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Japan’s Military, Among World’s Strongest, Looks to Build

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Japan’s Military, Among World’s Strongest, Looks to Build

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ENIWA, Japan (AP) – Dozens of tanks and soldiers fired explosives and machine guns in drills Monday on Japan’s northern island of Hokkaido, a main stronghold for a nation that is perhaps the world’s least-known military powerhouse.

Just across the sea from rival Russia, Japan opened up its humbly named Self-Defense Forces’ firing exercises to the media in a display of public firepower that coincides with a recent escalation of Chinese and Russian military moves around Japanese territory.

The drills, which foreign journalists rarely have a chance to witness, will continue for nine days and include about 1,300 Ground Self-Defense Forces troops. On Monday, as hundreds of soldiers cheered from the sidelines and waved unit flags, lines of tanks shot at targets meant to represent enemy missiles or armored vehicles.

The exercises illuminate a fascinating, easy-to-miss point. Japan, despite an officially pacifist constitution written when memories of its World War II rampage were still fresh—and painful—boasts a military that puts all but a few nations to shame.

And, with a host of threats lurking in Northeast Asia, its hawkish leaders are eager for more.

It is not an easy sell. In a nation still reviled by many of its neighbors for its past military actions, and where domestic pacifism runs high, any military buildup is controversial.

Japan has focused on its defensive capabilities and carefully avoids using the word “military” for its troops. But as it looks to defend its territorial and military interests against an assertive China, North Korea and Russia, officials in Tokyo are pushing citizens to put aside widespread unease over a more robust role for the military and support increased defense spending.

As it is, tens of billions of dollars each year have built an arsenal of nearly 1,000 warplanes and dozens of destroyers and submarines. Japan’s forces rival those of Britain and France, and show no sign of slowing down in a pursuit of the best equipment and weapons money can buy.

Not everyone agrees with this buildup. Critics, both Japan’s neighbors and at home, urge Tokyo to learn from its past and pull back from military expansion.

There is also domestic wariness over nuclear weapons. Japan, the only nation to have atomic bombs dropped on it in war, possesses no nuclear deterrent, unlike other top global militaries, and relies on the so-called U.S. nuclear umbrella.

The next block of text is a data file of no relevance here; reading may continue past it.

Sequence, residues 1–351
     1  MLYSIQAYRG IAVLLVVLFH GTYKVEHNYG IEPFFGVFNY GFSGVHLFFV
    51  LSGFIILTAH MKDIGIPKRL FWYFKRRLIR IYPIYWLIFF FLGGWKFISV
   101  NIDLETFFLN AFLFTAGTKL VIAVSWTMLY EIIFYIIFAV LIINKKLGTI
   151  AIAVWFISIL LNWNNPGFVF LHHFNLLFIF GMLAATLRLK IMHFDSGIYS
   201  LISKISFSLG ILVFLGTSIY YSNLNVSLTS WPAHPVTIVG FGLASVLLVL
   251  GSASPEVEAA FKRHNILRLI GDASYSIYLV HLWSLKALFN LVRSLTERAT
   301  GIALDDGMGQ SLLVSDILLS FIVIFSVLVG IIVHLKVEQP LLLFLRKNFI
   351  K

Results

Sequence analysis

Proponents of the new military muscle flexing, however, say the expansion is well-timed and crucial to the Japanese alliance with Washington.

China and Russia have stepped up military cooperation in recent years in an attempt to counter growing U.S.-led regional partnerships.

In October, a fleet of five warships each from China and Russia circled Japan as they traveled through the Pacific to the East China Sea. Last month, their warplanes flew together near Japan’s airspace, causing Japanese fighter jets to scramble. In fiscal year 2020 through March, Japanese fighters scrambled more than 700 times—two-thirds against Chinese warplanes, with the remainder mostly against Russians—the Defense Ministry said.

Russia’s military also recently deployed coastal defense missile systems, the Bastion, near disputed islands off the northern coast of Hokkaido.

Japan was disarmed after its WW II defeat. But a month after the Korean War began in 1950, U.S. occupation forces in Japan created a 75,000-member lightly armed de facto army called the National Police Reserve. The Self Defense Force, the country’s current military, was founded in 1954.

Today, Japan is ranked fifth globally in overall military power after the United States, Russia, China and India, and its defense budget ranked sixth in the 2021 ranking of 140 countries by the Global Firepower rating site.

During archconservative former Prime Minister Shinzo Abe’s more than eight-year rule, which ended a year ago, Japan significantly expanded its military role and budget. Mr. Abe also watered down the war-renouncing Article 9 of the constitution in 2015, allowing Japan to come to the defense of the United States and other partner nations.

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